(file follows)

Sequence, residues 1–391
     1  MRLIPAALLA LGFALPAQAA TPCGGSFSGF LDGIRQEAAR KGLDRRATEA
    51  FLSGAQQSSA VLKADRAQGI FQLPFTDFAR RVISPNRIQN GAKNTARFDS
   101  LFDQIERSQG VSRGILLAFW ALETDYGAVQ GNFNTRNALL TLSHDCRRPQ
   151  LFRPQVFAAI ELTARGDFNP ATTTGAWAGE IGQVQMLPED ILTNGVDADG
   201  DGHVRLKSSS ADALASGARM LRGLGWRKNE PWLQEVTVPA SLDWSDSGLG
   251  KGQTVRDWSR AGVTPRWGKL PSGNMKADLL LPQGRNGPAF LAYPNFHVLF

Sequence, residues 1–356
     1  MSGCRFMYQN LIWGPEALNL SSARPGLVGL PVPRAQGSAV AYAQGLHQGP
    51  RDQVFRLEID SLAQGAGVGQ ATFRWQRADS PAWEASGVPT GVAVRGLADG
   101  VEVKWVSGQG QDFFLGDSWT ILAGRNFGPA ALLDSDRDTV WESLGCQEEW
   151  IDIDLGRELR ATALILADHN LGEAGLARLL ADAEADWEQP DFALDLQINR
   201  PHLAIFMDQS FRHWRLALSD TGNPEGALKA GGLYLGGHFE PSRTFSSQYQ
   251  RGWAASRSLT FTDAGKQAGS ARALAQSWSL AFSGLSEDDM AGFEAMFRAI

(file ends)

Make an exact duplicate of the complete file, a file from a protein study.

Sequence, residues 1–391
     1  MRLIPAALLA LGFALPAQAA TPCGGSFSGF LDGIRQEAAR KGLDRRATEA
    51  FLSGAQQSSA VLKADRAQGI FQLPFTDFAR RVISPNRIQN GAKNTARFDS
   101  LFDQIERSQG VSRGILLAFW ALETDYGAVQ GNFNTRNALL TLSHDCRRPQ
   151  LFRPQVFAAI ELTARGDFNP ATTTGAWAGE IGQVQMLPED ILTNGVDADG
   201  DGHVRLKSSS ADALASGARM LRGLGWRKNE PWLQEVTVPA SLDWSDSGLG
   251  KGQTVRDWSR AGVTPRWGKL PSGNMKADLL LPQGRNGPAF LAYPNFHVLF

Sequence, residues 1–356
     1  MSGCRFMYQN LIWGPEALNL SSARPGLVGL PVPRAQGSAV AYAQGLHQGP
    51  RDQVFRLEID SLAQGAGVGQ ATFRWQRADS PAWEASGVPT GVAVRGLADG
   101  VEVKWVSGQG QDFFLGDSWT ILAGRNFGPA ALLDSDRDTV WESLGCQEEW
   151  IDIDLGRELR ATALILADHN LGEAGLARLL ADAEADWEQP DFALDLQINR
   201  PHLAIFMDQS FRHWRLALSD TGNPEGALKA GGLYLGGHFE PSRTFSSQYQ
   251  RGWAASRSLT FTDAGKQAGS ARALAQSWSL AFSGLSEDDM AGFEAMFRAI